The other innovations include live tracking of the individual groups. This is somewhat embarrassing for those of us in the slower groups. I’m not sure I would want anyone knowing I’m travelling twice as slowly as the fast group. However, there’s worse to come. Hot Chillee send you a slickly edited video compilation of the ride well after the event is finished. It’s a really nice memento. This year the compilation is going to be shown on Eurosport. Remembering that a camera adds 10lbs, I would need to be well below my ideal weight before making my debut appearance on television. Of course one can hardly claim to have been tearing through the French countryside when Eurosport has the evidence of you rolling sedately along in what appears to be slow motion.

Places for London-Paris sell out incredibly quickly and while there’s a number of organised events of this type, IMHO, the one organised by Hot Chillee is in a class of its own. Everything is taken care of  so that you can just concentrate on  riding your bike. It all started in 2004, with just 13 participants. Today, it is recognised as one of the world’s most exciting Cyclosportives and is the closest the amateur rider can get to the Tour de France experience. It has rolling road closures, outriders and professional logistical back up along the entire route, from Hampton Court to The Eiffel Tower. It’s one of only two events that finishes in the centre of Paris with rolling road closures, the other’s the Tour de France. The peloton with its 45 motorbike outriders, rolls along the famous Parisian streets to an emotional finish. The 365 riders in five speed groups are supported by HotChillee’s 100-strong crew, which includes mechanics, sports therapists and 14 Ride Captains.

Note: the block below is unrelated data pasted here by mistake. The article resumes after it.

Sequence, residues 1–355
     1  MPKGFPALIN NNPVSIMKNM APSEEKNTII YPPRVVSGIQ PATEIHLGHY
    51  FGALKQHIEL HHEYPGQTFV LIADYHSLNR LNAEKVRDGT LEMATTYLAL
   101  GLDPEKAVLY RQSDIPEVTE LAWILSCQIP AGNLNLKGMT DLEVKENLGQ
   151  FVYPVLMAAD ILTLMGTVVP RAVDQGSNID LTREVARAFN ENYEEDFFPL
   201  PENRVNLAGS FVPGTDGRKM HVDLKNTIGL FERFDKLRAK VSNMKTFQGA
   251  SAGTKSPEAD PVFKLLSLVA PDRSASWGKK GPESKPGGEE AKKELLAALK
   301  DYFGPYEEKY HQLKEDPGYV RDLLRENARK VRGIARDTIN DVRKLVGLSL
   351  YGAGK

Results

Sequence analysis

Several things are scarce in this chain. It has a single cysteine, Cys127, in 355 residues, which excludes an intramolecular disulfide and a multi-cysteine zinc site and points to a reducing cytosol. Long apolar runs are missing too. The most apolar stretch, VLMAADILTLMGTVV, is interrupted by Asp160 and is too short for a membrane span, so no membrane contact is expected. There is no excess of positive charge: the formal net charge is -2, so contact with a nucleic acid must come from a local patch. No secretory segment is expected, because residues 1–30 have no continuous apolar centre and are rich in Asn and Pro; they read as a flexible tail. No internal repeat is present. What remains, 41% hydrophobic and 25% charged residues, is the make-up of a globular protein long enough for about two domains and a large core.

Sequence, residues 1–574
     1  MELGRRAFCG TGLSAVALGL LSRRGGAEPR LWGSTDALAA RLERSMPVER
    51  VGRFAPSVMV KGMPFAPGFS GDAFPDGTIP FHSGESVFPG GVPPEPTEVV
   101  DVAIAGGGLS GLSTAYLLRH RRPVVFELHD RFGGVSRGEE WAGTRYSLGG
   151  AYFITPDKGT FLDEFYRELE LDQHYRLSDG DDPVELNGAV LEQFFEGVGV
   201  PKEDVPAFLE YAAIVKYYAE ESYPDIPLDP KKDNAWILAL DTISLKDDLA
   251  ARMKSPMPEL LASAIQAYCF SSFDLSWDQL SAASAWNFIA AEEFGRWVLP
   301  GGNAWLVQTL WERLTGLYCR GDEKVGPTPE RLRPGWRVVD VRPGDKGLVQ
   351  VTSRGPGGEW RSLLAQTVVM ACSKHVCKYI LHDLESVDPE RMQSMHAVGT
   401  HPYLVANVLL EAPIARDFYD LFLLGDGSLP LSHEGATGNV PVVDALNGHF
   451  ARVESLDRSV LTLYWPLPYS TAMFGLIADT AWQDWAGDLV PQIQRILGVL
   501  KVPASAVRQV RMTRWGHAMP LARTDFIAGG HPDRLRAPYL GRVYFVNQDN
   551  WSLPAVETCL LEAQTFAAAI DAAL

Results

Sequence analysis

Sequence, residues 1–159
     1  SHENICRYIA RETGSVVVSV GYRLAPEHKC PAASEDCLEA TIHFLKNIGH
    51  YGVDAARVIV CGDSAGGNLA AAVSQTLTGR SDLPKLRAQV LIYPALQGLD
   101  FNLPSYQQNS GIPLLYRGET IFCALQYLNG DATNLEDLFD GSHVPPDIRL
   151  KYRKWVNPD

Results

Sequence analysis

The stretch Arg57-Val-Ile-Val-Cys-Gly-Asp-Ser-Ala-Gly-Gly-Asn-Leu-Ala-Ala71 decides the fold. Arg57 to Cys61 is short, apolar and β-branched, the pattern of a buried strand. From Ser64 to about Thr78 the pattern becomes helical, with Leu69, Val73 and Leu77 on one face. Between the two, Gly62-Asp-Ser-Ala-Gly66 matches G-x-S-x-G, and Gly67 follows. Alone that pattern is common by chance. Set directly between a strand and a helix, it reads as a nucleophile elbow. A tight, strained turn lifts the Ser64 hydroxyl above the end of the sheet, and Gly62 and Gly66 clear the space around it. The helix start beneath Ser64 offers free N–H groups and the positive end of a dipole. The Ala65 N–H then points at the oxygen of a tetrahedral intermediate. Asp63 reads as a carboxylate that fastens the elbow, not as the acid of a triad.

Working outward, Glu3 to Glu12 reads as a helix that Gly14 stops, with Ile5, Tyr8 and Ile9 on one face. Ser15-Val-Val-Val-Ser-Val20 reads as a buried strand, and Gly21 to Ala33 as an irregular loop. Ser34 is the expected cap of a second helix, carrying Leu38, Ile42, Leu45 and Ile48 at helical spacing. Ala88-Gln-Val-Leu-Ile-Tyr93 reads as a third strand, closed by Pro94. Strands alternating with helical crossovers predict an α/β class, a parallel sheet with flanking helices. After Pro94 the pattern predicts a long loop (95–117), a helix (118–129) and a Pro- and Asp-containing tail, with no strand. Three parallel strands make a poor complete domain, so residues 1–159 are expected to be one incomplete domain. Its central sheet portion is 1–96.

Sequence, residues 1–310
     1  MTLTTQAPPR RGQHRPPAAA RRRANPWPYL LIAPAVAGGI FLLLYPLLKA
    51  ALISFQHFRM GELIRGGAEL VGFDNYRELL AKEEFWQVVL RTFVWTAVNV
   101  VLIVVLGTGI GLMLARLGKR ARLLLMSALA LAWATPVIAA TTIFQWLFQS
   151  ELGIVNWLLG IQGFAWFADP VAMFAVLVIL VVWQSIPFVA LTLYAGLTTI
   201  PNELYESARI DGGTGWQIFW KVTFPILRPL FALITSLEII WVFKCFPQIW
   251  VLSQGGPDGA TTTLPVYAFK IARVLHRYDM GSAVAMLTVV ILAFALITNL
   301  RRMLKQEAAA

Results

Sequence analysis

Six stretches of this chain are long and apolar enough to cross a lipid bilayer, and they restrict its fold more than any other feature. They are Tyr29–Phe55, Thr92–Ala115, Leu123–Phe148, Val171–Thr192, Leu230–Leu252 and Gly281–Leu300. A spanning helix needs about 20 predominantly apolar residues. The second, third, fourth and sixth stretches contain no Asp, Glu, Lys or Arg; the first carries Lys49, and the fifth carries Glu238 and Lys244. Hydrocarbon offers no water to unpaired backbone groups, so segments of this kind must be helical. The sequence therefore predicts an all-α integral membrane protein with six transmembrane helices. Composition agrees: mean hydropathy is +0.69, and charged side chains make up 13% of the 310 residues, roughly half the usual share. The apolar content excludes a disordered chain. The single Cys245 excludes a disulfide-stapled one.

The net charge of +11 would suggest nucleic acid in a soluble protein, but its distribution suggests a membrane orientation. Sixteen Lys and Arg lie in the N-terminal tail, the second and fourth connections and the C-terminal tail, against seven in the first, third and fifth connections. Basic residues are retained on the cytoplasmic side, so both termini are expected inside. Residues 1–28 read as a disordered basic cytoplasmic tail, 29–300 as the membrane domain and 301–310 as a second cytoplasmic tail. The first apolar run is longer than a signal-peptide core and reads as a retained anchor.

The Daily Telegraph listed The London-Paris as one of the world’s top 25 mass participation events, along side  the New York and London marathons. I’ve done two of those, does this mean I’m going to have to do the NY marathon?  The event has an impressive list of sponsors including London 2012 sponsor adidas, Mavic, DHL and (our club sponsor) Skoda, 20 corporate teams and a variety of high profile individuals from sport and business who greatly add to the ambience of the ride, along with the Ride Captains. Have fun this year!

Divine intervention

I was saddened this week to learn of the untimely death of Aldo Sassi, one of the most reputable cycling trainers, based at the Mapei Centre in Varese. It was he who had worked with Cadel Evans to lift the rainbow jersey in 2009 and had assisted Ivan Basso in his quest for an untainted maglia rosa.